It’s taken nearly a decade for the housing market in Phoenix to return to pre-recession levels after home values fell drastically in 2007. Now, real estate in Phoenix is once again considered a valuable investment, and people are flocking to the area from comparatively expensive cities like Los Angeles and Seattle in search of a lower cost of living and, of course, warm weather.
According to Zillow reports in June, Phoenix home values have gone up more than 5% this past year, and the company predicts a rise in value of more than 2% within the next year. Sales are also up. The Arizona Regional Multiple Listing Service’s (ARMLS) April report shows housing sales are up 13.8% month over month. But real estate agents in the area are concerned, reporting low inventory since the market is rising steadily. A 2.4-month supply of inventory reported by the ARMLS makes it harder to secure your dream home.
We know that purchasing a home should be an exciting time in your life. However, in the spring and summer there is an increased demand in the housing market. There may be added pressures, such as lack of inventory and price wars that can make buying a home stressful. Focusing on known items that can help alleviate stress and potential surprises during the home-buying process is advantageous for everyone. Here are a few items to consider before purchasing your new home so you are prepared and ready to secure a home in the growing Phoenix housing market.
Establish your budget
When looking for a home, it is important to have an established budget in mind. Your mortgage professional can help you determine how much you should consider purchasing and help you align your long-term financial goals with your budget.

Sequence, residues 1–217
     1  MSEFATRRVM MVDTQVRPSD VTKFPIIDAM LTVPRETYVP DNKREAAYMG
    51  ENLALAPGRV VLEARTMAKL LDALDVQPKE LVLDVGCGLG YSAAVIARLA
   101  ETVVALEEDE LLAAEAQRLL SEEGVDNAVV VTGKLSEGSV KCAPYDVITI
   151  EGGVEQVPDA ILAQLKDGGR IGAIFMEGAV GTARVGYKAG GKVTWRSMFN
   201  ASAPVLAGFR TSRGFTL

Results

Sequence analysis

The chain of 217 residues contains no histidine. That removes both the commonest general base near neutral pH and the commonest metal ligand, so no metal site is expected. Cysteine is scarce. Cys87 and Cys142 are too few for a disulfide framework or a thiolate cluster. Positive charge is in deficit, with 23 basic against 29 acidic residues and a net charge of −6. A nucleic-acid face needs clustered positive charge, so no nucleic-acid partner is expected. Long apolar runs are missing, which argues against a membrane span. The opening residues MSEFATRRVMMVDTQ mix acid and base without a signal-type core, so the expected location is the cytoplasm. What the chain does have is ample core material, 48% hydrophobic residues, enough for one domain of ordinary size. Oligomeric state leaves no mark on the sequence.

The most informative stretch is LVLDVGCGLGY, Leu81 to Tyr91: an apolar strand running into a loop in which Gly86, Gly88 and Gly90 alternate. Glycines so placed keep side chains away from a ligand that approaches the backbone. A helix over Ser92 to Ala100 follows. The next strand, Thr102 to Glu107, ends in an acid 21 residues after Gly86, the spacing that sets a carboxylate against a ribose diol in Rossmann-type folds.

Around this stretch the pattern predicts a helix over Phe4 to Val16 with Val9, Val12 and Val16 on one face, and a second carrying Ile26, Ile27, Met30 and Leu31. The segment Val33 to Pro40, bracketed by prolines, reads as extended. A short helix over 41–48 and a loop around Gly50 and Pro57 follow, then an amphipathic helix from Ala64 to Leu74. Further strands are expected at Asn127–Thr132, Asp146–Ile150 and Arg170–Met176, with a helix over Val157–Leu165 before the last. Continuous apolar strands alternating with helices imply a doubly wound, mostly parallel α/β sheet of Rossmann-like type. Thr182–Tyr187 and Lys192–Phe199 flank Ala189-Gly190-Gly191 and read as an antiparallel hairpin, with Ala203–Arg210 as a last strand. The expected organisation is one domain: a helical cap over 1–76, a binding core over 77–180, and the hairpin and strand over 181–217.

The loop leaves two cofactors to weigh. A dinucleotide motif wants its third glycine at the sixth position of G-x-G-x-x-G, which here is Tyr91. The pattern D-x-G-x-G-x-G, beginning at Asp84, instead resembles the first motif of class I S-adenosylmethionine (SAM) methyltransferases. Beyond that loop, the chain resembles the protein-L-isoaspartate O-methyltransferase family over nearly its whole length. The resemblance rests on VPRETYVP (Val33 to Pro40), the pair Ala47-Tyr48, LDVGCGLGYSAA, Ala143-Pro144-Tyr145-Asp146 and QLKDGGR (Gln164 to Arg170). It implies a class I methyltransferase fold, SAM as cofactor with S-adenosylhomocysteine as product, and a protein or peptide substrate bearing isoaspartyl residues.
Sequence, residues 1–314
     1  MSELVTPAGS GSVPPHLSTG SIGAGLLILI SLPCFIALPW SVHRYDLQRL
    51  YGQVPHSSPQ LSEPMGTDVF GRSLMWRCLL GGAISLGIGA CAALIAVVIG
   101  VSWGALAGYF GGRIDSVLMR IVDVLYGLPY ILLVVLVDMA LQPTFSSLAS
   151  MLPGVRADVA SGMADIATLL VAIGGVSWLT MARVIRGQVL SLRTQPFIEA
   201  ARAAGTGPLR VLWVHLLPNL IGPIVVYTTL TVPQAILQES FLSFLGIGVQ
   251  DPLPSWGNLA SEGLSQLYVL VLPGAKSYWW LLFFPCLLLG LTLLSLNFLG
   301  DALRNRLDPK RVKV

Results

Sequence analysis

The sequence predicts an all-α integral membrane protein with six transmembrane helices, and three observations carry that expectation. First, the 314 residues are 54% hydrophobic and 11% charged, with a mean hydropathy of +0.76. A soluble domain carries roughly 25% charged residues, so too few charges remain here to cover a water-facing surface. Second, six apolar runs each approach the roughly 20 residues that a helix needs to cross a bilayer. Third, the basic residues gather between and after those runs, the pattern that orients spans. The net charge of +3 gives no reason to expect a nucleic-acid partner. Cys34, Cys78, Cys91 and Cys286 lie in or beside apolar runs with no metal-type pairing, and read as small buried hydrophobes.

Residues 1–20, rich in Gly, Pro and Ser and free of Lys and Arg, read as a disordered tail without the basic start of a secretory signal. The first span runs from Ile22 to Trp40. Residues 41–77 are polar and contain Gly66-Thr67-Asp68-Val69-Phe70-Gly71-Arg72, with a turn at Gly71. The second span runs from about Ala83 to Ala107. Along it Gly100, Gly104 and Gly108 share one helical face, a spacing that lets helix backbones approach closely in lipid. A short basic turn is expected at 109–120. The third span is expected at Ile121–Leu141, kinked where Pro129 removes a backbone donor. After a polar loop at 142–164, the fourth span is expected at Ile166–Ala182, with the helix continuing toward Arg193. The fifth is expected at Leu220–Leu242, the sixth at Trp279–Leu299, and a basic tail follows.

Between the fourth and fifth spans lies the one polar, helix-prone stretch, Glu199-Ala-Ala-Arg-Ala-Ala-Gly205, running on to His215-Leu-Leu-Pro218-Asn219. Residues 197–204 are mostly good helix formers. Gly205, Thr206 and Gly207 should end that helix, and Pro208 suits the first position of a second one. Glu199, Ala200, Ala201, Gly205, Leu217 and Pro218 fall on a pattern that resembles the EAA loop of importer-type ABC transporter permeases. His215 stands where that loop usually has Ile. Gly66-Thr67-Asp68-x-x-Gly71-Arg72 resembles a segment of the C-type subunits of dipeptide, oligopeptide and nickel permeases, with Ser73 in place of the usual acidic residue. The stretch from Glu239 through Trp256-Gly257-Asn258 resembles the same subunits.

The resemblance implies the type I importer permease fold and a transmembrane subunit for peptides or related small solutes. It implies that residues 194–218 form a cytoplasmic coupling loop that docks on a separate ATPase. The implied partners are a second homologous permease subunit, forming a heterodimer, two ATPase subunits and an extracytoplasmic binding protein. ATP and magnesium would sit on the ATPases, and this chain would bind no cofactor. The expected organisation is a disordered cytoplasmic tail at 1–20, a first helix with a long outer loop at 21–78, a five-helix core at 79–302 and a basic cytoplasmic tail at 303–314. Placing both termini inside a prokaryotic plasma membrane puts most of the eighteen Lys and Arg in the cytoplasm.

When working on your budget, it is important to know you might be pre-approved for a larger loan amount than what you are comfortable spending. A mortgage payment is often amortized for 30 years, so keep in mind you will be making this payment for many years. The bank will qualify you based on monthly figures. Try to keep your house payment below 30% of your gross monthly income (before taxes) and your house payment plus your monthly debts at or below 43%.
Working with a mortgage professional can help you ensure your mortgage payment is within a financially comfortable spot where you are still able to enjoy activities even after buying your home.
Think about your credit
When you apply for your loan, the bank will order a credit report, which will provide your entire current and past credit payment history along with a credit score. TransUnion, Experian and Equifax each have a different scoring model; therefore, your credit score will vary from each agency. Most banks prefer a score of 640 or higher for financing.
You are entitled to one free credit report from each of the three major reporting agencies per year. One of the best ways to obtain this information is through annualcreditreport.com.
Prepare for your down payment
Down payment availability varies by loan program. Conventional and FHA loans offer as little as a 3% to 3.5% down payment, while VA mortgages can offer zero down payment loans.
The more money you apply to your down payment, the better your equity position is on your new home. Also, if you provide a 20% down payment, you will avoid paying the required monthly private mortgage insurance premiums.
Your mortgage professional can help you determine how much is needed based on your budget and will walk you through all the options.
Start the hunt!
As you begin to look for your home, keep in mind this is a great addition to your financial portfolio and opens future financial avenues for you. A home can also be a great source for equity. Down the road, you may want to consider consolidating debt or opening a home equity line of credit (HELOC) to make improvements to your home.
With our strong economy, it is a prime time to be selling and buying a home. And with the right assistance and planning, this life event milestone can be both personally exciting and financially rewarding.
Diane Hughes is senior vice president, mortgage lending director at UMB Bank and can be reached at firstname.lastname@example.org.